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glossary

agave syrup
Agave syrup is marketed as a low GL natural syrup from a cactus-like plant. (low GL means that it wont challenge your blood sugar as much as other sugars). There is current debate about how good a sugar substitute agave syrup actually is, given how highly processed it often is and the high levels of fructose it usually contains. Although this may help give it its low GL qualities, as fructose on its own will not be absorbed in the GI tract, I have to wonder what effect all that leftover fructose in the gut has on bacterial balance and fermentation. Out of all the sweeteners I have looked at, raw honey seems to have the most balanced levels of fructose.

almond milk
Almond milk is a useful alternative to dairy and soya milk. You can buy it in most health food shops and itís easy to make yourself (see recipes).

amaranth
Amaranth is a small seed that can be cooked as a grain, or popped like mini popcorn. Itís a complete protein, particularly rich in the amino acid lysine.

arame
Ar ame is a kind of seaweed available from many healthfood shops. Itís very easy to use, just needing to be soaked for a short time to reconstitute it before adding it to quinoa, millet and rice dishes, soups, stews or salads.

gluten / gluten-free grains
Gluten is a protein that is found in all grains, but the amount of it in some grains is so negligible that we consider them to be "gluten-free". Gluten-free grains include rice, millet and corn. Quinoa and amaranth are also gluten-free, but theyíre not grains, theyíre seeds. Grains rich in gluten include wheat, rye, oats and barley. Many people either find that they cannot tolerate gluten, or choose to be gluten-free as it is less stressful, and therefore less dehydrating, to the body.

kelp powder
Kelp is a kind of seaweed that is particularly rich in iodine, and therefore good for supporting the thyroid and endocrine system generally. It has a fairly strong taste, so you donít need to use much of it.

kombu
Kombu is a form of kelp available in most health food shops. It usually comes in dried sheets that need cutting up and soaking to reconstitute before adding to stews etc. If you add kombu to beans as you are cooking them, then the beans wonít make you so windy!

liquid amino acids
Liquid amino acids are the building blocks of protein, and also taste quite salty so can be used as a condiment.

oils
The safest oils to cook with are the saturated fats, i.e. animal fats and tropical oils such as coconut oil, as nature has made them able to withstand high temperatures. Butter can also be heated without denaturing - ghee (clarified butter) more so. But all other oils, including olive oil and especially flax oil, is destroyed to a lesser or greater degree in heat and exposure to air. So they are best used added as a dressing when cool, and please get the best quality you can and store carefully!

polenta
Polenta is a versatile italian cornmeal preparation whose consistency varies according to the kind of cornmeal used and what you want to cook it for. Known as the pasta of the north, polenta can be baked or grilled, it can be mixed with other vegetables and flavours, and slices of polenta can be used instead of pasta sheets in lasagne.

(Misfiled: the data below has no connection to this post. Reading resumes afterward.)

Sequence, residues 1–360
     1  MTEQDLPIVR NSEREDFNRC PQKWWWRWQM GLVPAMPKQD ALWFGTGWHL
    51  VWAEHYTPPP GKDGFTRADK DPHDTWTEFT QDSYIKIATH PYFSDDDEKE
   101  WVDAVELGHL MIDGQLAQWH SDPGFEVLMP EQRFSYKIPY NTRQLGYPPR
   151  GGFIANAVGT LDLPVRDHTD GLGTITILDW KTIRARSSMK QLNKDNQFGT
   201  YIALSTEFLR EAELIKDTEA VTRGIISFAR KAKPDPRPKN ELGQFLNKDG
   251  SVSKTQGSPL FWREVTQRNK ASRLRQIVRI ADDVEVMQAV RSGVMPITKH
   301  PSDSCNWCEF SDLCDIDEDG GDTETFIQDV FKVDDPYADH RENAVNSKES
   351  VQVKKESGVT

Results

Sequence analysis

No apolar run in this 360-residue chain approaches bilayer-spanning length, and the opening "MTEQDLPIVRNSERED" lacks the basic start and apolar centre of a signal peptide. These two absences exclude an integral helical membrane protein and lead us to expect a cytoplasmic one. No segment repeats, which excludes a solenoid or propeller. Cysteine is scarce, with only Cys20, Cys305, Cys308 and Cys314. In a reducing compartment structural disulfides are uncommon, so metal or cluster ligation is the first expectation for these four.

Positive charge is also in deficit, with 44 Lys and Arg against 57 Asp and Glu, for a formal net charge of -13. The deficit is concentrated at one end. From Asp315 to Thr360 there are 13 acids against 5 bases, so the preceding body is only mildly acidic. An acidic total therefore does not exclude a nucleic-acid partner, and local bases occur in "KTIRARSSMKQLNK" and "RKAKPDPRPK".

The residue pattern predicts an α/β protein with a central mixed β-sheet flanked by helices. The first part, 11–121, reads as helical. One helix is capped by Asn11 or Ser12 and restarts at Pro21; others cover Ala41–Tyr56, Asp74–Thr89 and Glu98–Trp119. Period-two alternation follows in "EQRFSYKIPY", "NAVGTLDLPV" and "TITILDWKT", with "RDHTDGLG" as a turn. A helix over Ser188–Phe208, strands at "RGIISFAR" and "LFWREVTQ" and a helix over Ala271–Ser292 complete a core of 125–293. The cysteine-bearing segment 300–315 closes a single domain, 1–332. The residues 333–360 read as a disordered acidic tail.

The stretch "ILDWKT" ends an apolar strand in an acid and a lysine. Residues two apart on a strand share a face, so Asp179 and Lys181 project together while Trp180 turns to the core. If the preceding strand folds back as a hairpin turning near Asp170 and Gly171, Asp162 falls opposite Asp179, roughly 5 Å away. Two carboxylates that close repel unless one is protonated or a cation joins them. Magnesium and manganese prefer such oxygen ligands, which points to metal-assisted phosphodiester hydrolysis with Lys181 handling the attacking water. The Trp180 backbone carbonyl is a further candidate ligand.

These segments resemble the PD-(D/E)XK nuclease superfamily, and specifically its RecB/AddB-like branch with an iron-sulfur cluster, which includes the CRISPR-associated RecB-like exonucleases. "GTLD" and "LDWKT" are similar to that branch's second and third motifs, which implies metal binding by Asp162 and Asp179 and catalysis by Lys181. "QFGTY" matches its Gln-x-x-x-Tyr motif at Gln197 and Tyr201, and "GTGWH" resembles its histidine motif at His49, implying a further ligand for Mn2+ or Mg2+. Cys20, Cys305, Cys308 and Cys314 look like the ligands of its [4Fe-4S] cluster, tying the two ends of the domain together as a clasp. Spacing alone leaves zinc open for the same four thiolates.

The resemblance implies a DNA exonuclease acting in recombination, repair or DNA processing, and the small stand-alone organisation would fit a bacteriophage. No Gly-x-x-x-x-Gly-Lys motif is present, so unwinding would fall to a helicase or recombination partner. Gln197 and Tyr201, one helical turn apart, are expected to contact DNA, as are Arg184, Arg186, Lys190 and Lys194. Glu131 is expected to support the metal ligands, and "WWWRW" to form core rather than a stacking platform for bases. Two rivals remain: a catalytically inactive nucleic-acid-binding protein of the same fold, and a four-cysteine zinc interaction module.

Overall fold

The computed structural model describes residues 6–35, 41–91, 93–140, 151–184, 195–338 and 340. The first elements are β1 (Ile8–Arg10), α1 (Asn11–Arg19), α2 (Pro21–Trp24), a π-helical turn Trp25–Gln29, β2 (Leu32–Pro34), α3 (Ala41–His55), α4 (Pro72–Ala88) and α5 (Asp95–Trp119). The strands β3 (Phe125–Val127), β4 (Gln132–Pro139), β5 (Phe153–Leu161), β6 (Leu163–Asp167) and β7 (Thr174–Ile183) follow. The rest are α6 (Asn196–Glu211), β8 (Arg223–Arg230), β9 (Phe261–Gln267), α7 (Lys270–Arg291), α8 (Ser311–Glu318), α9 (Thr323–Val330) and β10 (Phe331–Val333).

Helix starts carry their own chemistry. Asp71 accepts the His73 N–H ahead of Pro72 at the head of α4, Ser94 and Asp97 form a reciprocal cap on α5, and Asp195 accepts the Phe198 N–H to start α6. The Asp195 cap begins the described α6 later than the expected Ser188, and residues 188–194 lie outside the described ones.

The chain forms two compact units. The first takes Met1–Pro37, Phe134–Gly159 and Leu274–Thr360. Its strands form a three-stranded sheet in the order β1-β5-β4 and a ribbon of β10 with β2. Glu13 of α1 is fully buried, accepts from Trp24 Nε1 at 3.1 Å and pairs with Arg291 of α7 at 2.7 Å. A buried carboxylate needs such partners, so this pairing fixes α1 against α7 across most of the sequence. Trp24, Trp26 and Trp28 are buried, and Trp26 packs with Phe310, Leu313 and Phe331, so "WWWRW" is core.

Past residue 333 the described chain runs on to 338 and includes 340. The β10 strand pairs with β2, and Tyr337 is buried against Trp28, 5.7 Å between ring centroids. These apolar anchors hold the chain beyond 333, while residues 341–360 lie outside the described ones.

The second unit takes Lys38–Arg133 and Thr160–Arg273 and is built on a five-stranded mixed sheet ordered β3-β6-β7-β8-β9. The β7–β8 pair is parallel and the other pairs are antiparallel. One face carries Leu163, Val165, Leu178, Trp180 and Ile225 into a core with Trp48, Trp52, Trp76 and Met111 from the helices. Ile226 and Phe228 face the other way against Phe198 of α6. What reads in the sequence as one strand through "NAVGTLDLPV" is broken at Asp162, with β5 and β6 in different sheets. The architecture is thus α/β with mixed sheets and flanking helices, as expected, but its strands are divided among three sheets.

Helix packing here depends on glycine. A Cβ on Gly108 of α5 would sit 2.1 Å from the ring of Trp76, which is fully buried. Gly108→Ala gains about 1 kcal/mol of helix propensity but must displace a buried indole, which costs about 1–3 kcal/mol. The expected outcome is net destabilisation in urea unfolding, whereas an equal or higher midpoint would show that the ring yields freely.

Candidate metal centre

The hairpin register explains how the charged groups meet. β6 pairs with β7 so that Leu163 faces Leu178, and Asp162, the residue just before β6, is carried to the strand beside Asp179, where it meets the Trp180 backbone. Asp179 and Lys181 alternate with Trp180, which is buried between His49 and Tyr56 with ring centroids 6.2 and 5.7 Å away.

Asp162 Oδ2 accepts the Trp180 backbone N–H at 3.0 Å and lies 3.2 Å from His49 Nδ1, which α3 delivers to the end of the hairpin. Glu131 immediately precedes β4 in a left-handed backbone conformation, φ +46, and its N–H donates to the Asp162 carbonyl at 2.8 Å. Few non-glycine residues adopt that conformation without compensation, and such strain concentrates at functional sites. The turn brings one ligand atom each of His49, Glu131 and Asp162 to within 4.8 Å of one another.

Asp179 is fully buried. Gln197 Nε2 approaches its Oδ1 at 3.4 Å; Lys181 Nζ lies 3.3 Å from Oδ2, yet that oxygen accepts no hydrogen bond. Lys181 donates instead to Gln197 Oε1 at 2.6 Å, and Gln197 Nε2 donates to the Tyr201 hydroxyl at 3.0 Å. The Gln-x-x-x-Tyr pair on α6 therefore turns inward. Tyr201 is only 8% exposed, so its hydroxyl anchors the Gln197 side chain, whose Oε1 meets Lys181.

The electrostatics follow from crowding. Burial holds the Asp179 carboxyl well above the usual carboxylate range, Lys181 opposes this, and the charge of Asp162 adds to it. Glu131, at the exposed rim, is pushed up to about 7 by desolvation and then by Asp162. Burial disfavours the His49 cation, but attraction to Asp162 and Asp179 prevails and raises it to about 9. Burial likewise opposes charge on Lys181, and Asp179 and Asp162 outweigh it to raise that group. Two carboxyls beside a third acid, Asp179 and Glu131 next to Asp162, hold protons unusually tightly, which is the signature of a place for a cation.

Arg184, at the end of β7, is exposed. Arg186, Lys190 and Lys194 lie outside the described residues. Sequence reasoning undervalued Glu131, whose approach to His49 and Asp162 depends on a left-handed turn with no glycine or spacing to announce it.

proteins / complete proteins
There are high levels of proteins in meat, eggs, fish and bee pollen, and these are also complete proteins, which means they contain all the essential amino acids. Quinoa and amaranth are also complete proteins. There are also high levels of proteins in nuts, seeds, beans and pulses/legumes, but these are not so easy to get at. So it is always best to soak them overnight to open them up slightly and maybe even sprout them for a day or two, to make the protein more available. Grinding nuts and seeds also helps make the protein more available. They are also not complete proteins, which means you need to combine 2 of the groups (eg. chickpeas and sesame seeds in houmous) to get your full essential amino acid profile (but not necessarily in the same meal).

rice milk
Rice milk is another useful alternative to dairy and soya milk. You can buy it in most health food shops and even supermarkets, and weíll probably have a recipe on this site for it at some stage. Do have a look at what other ingredients are in there, though!

quinoa
Quinoa (often pronounced kee-nwah) is a seed that you can cook as a grain and use instead of couscous (Which is wheat-based and therefore high in gluten). Itís a complete protein, i.e. it contains all the essential amino acids that we need to get from our diet.

sprouting
Sprouting is an excellent way to transform pulses, grains and seeds to make them gentler to digest and to make the nutrients and enzymes more available. Sprouts are raw, living, hydrated food. Any pulses, grains or seeds except oats and kidney beans can be sprouted see tips and ideas.

tamari
Gluten-free form of soya sauce, which is salty condiment made from fermented soya beans.

tempeh
Made from fermented soya beans, tempeh is less mucous-forming than tofu, and is a useful source of protein (it contains all the essential amino acids), B12 and other B vitamins, as well as a good spectrum of minerals. Itís usually available from health food shops in blocks. Like tofu, it absorbs flavours well, but has a completely different texture.

tofu
Also known as soya bean curd, tofu is made by curdling freshly made soya milk, traditionally with nigari. Soft tofu absorbs flavours well when marinated and is good for savoury dishes. Silken tofu is much creamier and blancmange-like, and is good for desserts. Traditionally tofu is always eaten with seaweed, to support the thyroid, as soya products may challenge the thyroid.




chives
Chives

ginger
Ginger

kale
Kale